How to have a very merry Surrey Christmas
PUBLISHED: 17:17 18 June 2017 | UPDATED: 10:34 02 January 2018
copyright by arrangement with photographer
We gathered together a few of our friends (as well as a special guest all the way from Lapland) at The Old Rectory in Bletchingley for a rather spectacular festive celebration making the most of produce available right here on our doorstep
Christmas is all about indulging in good food and creating joyful memories with family and friends. While some people travel far and wide to gather the ingredients required to create these treasured moments, our county has an abundance of fantastic producers and creative businesses to help make your festive celebration extra special. Here we show you how to have a very merry Surrey Christmas, with all the trimmings!
Styling: There’s so much to think about when it comes to Christmas that creating the right surroundings and atmosphere for your guests can be overlooked. Jenna Elsby from Chapel Lane Events, in Hersham, offers some tips.
1. Colour/Theme: Christmas is all about joy, celebration, nostalgia and warmth so don’t be afraid to incorporate some of the classic festive icons as people expect and love them! If you’re going for a more refined look, you can’t go wrong taking nature as your inspiration and incorporating seasonal foliage, pine cones, herbs, nuts in their shells and rich coloured fruits for contrast. This setting won’t fail to put a smile on your guests faces as its familiar and comforting rather than fussy and overly formal.
2. Texture: A rich palette of berry reds, burnished gold, dark wood, soft white and forest greens provide the quintessential backdrop to any Christmas table. Complement the rich colours with sumptuous textures, like faux fur, wood, foliage, velvet, cut glass, anything with depth and body. Create a table that is multi-dimensional and interesting by tying napkins with velvet ribbon and sprigs of rosemary and pinecones can be used as playful little place settings with hand written name cards.
3. Space: Before you go overboard with fabulous forests of foliage, remember to save space for the food, serve ware, plates, glassware and all the necessary accessories for the meal itself. Less is so often more and if space is limited, you can always choose to incorporate a sideboard or console table into an additional serving area so you have more space on the table to let your creative juices flow. Also, don’t go for anything too high that it interrupts the sight lines of your guests and they cannot see each other across the table. Keep candle sticks, florals, vases low level to encourage and not hinder conversation, glass chinking and cracker pulling!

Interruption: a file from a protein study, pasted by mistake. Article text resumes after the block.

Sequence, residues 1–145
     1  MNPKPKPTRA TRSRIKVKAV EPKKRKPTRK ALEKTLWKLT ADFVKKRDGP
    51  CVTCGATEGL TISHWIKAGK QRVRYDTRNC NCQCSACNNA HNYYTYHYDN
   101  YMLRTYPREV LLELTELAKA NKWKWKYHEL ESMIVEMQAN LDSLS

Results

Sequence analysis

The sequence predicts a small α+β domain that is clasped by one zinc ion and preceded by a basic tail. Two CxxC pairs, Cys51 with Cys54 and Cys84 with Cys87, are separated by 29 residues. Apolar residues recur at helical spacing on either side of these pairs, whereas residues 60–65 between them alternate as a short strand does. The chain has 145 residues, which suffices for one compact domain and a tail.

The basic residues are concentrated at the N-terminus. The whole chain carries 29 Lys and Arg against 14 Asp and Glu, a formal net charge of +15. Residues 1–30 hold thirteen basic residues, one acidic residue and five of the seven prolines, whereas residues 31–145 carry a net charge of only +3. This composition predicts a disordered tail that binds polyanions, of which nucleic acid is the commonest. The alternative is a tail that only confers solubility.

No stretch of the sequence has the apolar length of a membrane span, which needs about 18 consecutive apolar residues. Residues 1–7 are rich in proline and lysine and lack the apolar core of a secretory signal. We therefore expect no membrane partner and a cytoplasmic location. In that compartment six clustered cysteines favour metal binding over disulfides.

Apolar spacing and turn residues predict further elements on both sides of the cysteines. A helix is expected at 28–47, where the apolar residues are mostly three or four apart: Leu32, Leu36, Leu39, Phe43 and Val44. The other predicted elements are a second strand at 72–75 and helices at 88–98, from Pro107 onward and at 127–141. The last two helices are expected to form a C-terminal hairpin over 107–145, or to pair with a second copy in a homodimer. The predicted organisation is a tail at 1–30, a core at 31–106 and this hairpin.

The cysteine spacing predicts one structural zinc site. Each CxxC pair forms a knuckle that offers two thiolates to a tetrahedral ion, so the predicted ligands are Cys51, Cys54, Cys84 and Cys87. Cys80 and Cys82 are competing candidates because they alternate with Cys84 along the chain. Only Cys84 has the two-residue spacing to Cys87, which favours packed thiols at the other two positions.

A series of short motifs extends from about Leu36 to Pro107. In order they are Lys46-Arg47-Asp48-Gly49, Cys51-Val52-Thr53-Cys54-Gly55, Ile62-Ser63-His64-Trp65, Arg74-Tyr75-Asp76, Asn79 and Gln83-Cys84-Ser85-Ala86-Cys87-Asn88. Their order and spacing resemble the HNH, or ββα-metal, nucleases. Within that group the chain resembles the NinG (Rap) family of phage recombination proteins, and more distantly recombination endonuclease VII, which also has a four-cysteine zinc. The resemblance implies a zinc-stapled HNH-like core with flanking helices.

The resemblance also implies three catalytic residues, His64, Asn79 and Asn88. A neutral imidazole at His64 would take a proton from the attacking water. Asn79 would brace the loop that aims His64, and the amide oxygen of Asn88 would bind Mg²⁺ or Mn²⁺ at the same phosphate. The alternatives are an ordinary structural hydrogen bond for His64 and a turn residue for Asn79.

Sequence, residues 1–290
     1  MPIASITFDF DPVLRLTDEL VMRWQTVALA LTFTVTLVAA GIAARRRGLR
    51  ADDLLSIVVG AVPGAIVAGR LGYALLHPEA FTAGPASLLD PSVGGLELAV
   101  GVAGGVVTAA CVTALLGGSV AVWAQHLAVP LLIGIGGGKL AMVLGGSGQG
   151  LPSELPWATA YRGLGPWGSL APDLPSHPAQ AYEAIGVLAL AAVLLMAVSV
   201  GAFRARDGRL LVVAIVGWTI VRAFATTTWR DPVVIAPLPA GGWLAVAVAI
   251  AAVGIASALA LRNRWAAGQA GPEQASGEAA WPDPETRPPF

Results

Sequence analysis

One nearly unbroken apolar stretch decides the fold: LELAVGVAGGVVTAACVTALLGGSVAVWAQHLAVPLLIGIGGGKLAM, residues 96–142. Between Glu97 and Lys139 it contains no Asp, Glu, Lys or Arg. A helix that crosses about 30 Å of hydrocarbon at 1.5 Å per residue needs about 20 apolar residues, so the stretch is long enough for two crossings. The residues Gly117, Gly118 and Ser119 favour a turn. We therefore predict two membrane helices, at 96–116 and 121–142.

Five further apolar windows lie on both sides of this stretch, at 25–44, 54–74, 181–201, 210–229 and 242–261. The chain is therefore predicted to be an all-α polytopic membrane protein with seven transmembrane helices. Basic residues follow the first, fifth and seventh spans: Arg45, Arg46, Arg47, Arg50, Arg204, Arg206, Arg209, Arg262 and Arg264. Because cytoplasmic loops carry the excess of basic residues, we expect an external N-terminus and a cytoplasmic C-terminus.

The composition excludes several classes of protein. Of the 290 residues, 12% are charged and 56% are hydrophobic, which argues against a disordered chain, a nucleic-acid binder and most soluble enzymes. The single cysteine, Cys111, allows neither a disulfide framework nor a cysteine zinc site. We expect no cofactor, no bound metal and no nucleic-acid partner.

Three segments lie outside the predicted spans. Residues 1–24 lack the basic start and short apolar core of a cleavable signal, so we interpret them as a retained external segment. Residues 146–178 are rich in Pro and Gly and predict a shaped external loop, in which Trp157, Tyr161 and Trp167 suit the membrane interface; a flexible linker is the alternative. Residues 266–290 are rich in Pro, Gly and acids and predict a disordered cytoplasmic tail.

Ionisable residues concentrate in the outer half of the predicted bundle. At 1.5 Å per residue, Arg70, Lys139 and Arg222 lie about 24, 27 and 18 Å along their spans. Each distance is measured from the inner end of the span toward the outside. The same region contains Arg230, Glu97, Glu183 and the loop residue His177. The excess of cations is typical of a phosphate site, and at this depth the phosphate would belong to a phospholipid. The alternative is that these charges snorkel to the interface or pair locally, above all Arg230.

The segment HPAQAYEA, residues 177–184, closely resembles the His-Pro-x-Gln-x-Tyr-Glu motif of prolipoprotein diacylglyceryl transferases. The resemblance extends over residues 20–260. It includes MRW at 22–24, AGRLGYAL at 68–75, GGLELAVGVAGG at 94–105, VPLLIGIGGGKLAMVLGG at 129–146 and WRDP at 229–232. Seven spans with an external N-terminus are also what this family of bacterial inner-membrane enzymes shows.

4. Symmetry: If you’re unsure about how to arrange everything on your table, think about balance. In your mind, divide the table into two and try and approximately mirror what you have placed on each side. The eye loves balance and symmetry so this will create a table that is subconsciously very natural, easy and flowing.
5. Scent / Florals: It’s well documented that complementary scents can influence taste and the experience of a meal, so your Christmas table should use this to its advantage. Take some of the flavour notes of the menu and incorporate them into the styling – so rosemary, thyme, basil, sage, figs, plums, cinnamon sticks – all lend themselves wonderfully to this time of year and smell wonderful. Little arrangements of herbs and botanicals in simple glass mason jars work a charm.
There’s no doubt that food takes centre stage at Christmas so the pressure is on to get it right. For most, Christmas day isn’t Christmas day without turkey. Patrick Deeley from Flower Farm Shop, in Godstone, offers these tips to get the best from your bird...
• Traditionally-reared birds cook in less time than the standard supermarket birds
• Allow the bird to come to room temperature for two hours before cooking
• To keep the turkey juices in the breast and prevent it from becoming too dry cook the bird breast side down until the last 30 minutes when it can be turned onto its back to brown the breast off
• Loosen the trussing to allow even cooking
• Add 500ml of water to the roasting tin for extra succulent flavour and top up if necessary
• Place the stuffing in the neck cavity only, for extra flavour a cored bramley apple and a peeled and quartered onion can be placed into the body cavity and allow to rest for 30 mins before carving
And for those who like to offer a second meat option for their guests, how about some local ham? Simon Taylor from Surrey Hills Butchers shares his expertise...
• Pick up a nice piece of gammon from your butcher (when it’s raw we call it gammon, when it’s cooked we call it ham). This recipe is for a 2.5kg joint which will feed 10 people.
• Pop your joint in a large pan, cover with cold water and bring to the boil.
Once boiling pour water away and start again with cold water, bringing back to the boil (this process will remove some of the salt). A spoon or two of brown sugar will also counteract the salt. You could of course swap this process for starting with coke as the sugar will balance out the salt.